Types of mortgages
All mortgage types have the same purpose -- to help you finance a home -- but they differ significantly in their terms and requirements. For instance, some mortgages are designed to help home buyers with low credit get approved, while others offer variable interest rates. Below are the most common types of mortgages you'll find.
A conventional loan is a mortgage that's not backed by a government agency, such as the FHA, VA, or USDA. Instead, these loans typically stick to standards set by Freddie Mac and Fannie Mae (the government-sponsored entities that back most conventional loans). They have stricter requirements (such as a credit score of at least 620), but they're widely available, meaning you'll have options when choosing a mortgage lender.
The most common type of conventional mortgage is a conforming loan, which is simply a mortgage that stays within the purchase limits set by Fannie Mae for different housing markets. Conventional mortgages that do not adhere to these limits are called non-conforming loans (or jumbo loans).
If you're interested in a conventional loan, here are some important details to keep in mind.
- Minimum credit score of 620. Conventional mortgages are best for borrowers with fair or good credit. Because there's no government guarantee, qualifying requirements are stricter. You generally need a credit score of at least 620 to qualify, though higher scores are preferred.
- Down payment of 3% or more. Conventional loans require a down payment. While 3% is a common minimum, you may also see 10%. All or part can come from a down payment gift (depending on your circumstances).
- Private mortgage insurance (PMI) may be required. If you're paying less than 20% of the home's value upfront, your mortgage will come with PMI. This protects the lender in case of foreclosure.
- Conventional mortgages have different terms. You could choose a fixed-rate conventional mortgage or one with an adjustable rate, and you'll have a wide selection of repayment timelines, including 15 years, 20 years, or 30 years.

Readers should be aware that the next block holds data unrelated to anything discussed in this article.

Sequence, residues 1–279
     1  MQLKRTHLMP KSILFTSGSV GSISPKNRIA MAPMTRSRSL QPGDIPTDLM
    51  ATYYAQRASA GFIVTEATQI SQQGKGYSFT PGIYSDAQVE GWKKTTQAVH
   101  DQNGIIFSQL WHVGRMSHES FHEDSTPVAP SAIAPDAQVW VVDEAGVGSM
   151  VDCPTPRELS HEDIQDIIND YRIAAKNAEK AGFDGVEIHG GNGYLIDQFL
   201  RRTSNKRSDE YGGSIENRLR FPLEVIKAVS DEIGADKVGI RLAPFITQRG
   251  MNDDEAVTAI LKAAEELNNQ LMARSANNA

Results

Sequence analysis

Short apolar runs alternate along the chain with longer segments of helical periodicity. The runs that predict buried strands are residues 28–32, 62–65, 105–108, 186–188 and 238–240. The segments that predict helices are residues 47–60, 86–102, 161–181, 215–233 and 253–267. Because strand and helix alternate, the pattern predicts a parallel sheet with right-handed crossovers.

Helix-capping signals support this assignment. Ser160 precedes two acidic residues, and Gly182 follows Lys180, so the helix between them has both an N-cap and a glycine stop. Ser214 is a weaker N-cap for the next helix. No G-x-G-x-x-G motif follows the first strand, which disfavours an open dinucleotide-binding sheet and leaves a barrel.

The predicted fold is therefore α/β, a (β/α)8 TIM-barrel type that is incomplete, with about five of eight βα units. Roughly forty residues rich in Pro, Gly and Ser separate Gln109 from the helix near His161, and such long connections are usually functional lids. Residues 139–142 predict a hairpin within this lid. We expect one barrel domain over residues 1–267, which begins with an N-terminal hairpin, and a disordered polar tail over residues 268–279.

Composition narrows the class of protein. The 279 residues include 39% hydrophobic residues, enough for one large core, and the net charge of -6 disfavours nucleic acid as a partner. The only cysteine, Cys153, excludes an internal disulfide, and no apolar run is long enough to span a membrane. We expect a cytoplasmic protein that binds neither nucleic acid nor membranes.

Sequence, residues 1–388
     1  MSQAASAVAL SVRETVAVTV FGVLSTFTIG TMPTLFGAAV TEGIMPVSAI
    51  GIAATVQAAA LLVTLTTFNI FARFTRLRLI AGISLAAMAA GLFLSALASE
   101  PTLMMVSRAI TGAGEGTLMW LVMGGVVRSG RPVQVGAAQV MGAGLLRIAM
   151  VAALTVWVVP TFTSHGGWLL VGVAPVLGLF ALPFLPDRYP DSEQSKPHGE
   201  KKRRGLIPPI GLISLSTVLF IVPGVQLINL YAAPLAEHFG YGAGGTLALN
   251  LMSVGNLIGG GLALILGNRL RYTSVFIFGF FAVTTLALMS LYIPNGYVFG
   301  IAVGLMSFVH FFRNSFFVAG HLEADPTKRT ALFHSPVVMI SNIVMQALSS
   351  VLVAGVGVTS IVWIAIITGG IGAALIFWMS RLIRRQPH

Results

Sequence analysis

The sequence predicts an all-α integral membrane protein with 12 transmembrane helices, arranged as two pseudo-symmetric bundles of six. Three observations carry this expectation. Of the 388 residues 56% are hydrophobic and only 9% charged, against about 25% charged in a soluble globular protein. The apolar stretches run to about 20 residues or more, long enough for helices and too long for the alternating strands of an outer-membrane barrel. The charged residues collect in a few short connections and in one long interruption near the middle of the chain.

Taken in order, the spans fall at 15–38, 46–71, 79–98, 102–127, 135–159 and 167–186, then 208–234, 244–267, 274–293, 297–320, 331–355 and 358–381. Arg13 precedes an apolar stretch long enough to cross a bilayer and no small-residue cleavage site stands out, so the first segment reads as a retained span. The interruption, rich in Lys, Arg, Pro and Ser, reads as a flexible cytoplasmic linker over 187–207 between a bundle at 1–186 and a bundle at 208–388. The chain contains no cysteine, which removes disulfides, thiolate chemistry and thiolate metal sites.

FHA loans are mortgages backed by the Federal Housing Administration (FHA). Because of the government guarantee, lenders are less strict on their requirements, which can help first-time home buyers or buyers with low credit. If that sounds like you, here are some key things you need to know about an FHA loan:
- Credit score of 580. FHA loans are ideal for home buyers with poor or fair credit, as FHA lenders typically require only a minimum 580 credit score (or 500 with a 10% down payment).
- Minimum 3.5% down payment. With a 580 credit score, you can buy a home with as little as 3.5% down. All of your down payment can come from a down payment gift.
- Mortgage insurance is required. There's an upfront fee of 1.75% and an annual fee based on loan term and the ratio of your loan amount relative to home value. In some cases, mortgage insurance premiums must be paid for the life of your loan.
A VA loan is guaranteed by the Veterans Administration. Although there are some upfront fees, VA loans are typically easy to qualify for and designed to be affordable. For those home buyers who have a Certificate of Eligibility (COE) and are interested in a VA mortgage, here are some details that might help you with your decision.
- Only eligible veterans can apply. To be eligible, one of the following must be true:
- You served 90 consecutive days during wartime.
- You served 181 consecutive days during peacetime.